An old speech I found while tidying up my files ...

Mr McDermott’s End-of-Year Speech: June 2004

This year has been almost biblical in its epic sweep.

The plagues of Chavagnes have been legion. Plagues of serpents. Well, we thought it was a viper, but Mr Baudouin managed to identify it as an ‘orvet’a legless lizard. It had teeth but no venom. And it fell under the thud of my sledge hammer; although I admit to quaking in my boots as I struck.

Plagues of bats; well, many of you had fun hunting them in the dorms, with your towels. The Chavagnes bat hunt might yet become an ancient institution.

Plagues of spiders: they are very picturesque, those spider bites, aren’t they? I’ve never seen anything like it in England. We asked Doctor Chyl what to do about all of your coming out in bumps from the blighters. With typically dry wit, she prescribed a vacuum cleaner. So, next year, we must be careful to hoover more carefully: even the corners of the ceiling and the gaps between the floorboards.

Plagues of mosquitoes: well, they are still with us, and many have the marks to prove it. We have all fallen victim to their thirst in the long watches of the night. At least it means we are all blood-brothers now.

Plagues of frogs – getting up at night and hearing the continual croaking and groaning of Frogs, happily propagating their noisy race down on the lake at the back of the College.

“I will plague your whole country with frogs. The river shall swarm with frogs; they shall come up into your palace, into your bedchamber and your bed, and into the houses of your officials and of your people, and into your ovens and your kneading bowls. The frogs shall come up on you and on your people and on all your officials.”

So says the good book on the subject of frogs. And this has certainly been a good year for them, with our little gallic friends finding their way into every nook and cranny of our establishment. Let us hope that, in welcoming them ever more warmly in the future, you will all improve your French. Next year, we are expecting a few more froggies in our midst. And I hope that Froggies and Rostbifs will learn to live and let live, benefiting from such a splendid chance of exposure to each other’s languages and culture in our wonderful school.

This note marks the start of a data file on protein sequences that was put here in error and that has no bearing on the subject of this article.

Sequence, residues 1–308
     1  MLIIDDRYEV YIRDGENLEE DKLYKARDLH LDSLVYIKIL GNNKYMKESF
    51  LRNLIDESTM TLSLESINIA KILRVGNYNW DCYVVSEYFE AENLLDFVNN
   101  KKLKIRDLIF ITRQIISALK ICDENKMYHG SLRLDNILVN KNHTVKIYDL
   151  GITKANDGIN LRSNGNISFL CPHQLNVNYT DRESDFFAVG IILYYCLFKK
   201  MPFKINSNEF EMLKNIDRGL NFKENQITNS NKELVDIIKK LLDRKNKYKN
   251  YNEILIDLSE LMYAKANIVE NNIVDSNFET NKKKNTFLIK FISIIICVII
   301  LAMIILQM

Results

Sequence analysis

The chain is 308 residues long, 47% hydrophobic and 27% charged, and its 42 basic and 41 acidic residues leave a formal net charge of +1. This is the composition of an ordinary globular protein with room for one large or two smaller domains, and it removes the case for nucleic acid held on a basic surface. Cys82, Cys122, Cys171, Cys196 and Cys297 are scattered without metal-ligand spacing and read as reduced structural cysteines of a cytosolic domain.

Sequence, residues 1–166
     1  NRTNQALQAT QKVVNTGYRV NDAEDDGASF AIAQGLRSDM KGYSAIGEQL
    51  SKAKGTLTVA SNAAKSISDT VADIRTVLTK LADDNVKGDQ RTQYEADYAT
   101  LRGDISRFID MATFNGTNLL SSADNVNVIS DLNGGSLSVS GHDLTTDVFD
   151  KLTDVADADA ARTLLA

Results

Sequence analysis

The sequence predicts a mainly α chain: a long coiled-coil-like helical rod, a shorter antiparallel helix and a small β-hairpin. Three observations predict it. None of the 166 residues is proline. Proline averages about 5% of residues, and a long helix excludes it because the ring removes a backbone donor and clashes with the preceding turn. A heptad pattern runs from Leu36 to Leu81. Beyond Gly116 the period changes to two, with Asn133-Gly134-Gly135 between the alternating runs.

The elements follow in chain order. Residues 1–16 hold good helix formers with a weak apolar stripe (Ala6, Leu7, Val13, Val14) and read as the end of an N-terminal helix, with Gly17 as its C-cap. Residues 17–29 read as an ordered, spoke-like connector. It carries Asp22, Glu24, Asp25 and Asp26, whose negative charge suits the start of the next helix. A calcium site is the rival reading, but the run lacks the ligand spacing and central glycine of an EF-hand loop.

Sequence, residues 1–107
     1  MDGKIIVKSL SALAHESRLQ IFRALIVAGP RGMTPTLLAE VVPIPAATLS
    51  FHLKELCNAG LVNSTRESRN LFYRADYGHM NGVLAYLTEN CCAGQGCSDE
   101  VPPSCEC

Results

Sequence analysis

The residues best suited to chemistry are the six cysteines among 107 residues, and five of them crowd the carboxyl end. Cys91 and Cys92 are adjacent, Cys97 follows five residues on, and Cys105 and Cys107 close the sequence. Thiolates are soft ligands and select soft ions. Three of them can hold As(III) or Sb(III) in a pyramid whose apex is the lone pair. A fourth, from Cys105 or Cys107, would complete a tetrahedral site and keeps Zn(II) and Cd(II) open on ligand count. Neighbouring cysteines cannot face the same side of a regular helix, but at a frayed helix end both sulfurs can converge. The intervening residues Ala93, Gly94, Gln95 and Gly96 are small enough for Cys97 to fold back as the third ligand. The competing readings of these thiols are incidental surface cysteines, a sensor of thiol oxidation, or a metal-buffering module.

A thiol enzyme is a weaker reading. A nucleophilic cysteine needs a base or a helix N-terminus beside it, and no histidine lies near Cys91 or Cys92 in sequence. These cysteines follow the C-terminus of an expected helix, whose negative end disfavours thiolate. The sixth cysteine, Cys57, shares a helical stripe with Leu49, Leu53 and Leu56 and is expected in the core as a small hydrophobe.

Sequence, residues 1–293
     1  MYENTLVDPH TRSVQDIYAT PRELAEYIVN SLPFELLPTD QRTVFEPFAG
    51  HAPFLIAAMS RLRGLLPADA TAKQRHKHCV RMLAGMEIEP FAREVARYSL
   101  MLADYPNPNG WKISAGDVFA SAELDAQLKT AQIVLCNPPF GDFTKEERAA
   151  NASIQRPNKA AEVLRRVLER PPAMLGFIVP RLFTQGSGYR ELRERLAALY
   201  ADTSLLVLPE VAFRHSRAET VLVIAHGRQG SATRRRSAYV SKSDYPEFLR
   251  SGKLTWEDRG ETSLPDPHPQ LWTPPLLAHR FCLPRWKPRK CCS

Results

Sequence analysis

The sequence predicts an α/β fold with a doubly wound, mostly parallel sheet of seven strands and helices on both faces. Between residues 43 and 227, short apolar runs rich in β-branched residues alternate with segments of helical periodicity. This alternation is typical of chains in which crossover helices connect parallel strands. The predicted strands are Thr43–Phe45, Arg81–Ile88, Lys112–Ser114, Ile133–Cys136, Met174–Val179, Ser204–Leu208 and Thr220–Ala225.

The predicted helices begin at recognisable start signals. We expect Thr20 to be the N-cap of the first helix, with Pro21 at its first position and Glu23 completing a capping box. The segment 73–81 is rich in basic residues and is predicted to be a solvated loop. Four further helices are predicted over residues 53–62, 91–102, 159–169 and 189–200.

Well, a few departures are on the cards. Inigo – one the temperamental Connollys. They say the Connollys always have to find a wife from another part of Ireland, because of the reputation they have “for the temper they have on them.” I will certainly miss my own dear cousin and very special firebrand, Inigo, who has decided to return to England. We wish you all the very best.

Guy – the whingeing pommes is an expression attributed to the Australians. It’s what they call us Brits. Well I’ll leave all of you who know and love Guy as much as I do to reflect on the ironies of that particular cultural clichĂ©. The only whingeing we are going to give in to today will be to say : “don’t leave us, Guy. We’d love to have you back next year.” [in fact, he did come back…]

The return of the Catholic gentleman ... We have some fine examples of that breed here among us. Alex, yes, Greg; yes, also.

But I would echo a comment made to me by Mr Kelly, that, of all our older boys, one gentleman stands out for his steady, resolved, courteous and manly demeanour. That young man is Joe Millington, whose honesty, good nature and strong sense of duty have been a genuine adornment to the College during his year among us. We will be very sorry to see the elder statesman of the seniors take his leave of us, and we wish him well.

Hilaire Belloc published a collection of poetry under the title of Survivals and New Arrivals, and I suppose those of us left un-thanked all fall into that category: those of us who have fought the good fight, run the race to the finish, and now want to do it all again next year. And then there are those who have read about us in the paper or seen us on the television, and now want to part of the adventure. Well, an adventure it certainly is. It has all the right ingredients too: an undiscovered country, new friends, risk, excitement, originality; and - no doubt – a hint of madness.

Of the new arrivals, we are privileged to welcome one of them already, Mr Paul Jernberg, who is taking over as Director of Studies. Bienvenue, Mr Jernberg. I know that I speak for all the staff when I say that we are all very eager to start working with you, to make this College - so full of promise – all that it needs to be.

Josemaria Escriva whose feast falls today said ‘if you can only dare to dream, then the reality will far surpass your wildest dreams.’ He also suggested that our work should be not just good or even excellent, but HEROIC.

Let’s make that vision our own next year. Let’s commit ourselves to live up to the name of ‘Catholic gentlemen’, and even of ‘Catholic heroes’. After a good, heroic rest of nine weeks this summer, let’s commit to imbuing every one of actions next year with an epic quality. I want to hear you referred to as angels in chapel, tigers on the football field, Einsteins in the lab, Michaelangelos at the easel, Thomas Aquinases behind your desks.

This is what our Lord called us to when he taught us that wanted to us ‘live life in all its fullness’. Even in something that is not your specific gift, pledge yourself to be known for your heroic grit and determination; your will to do your best.

God bless you all.

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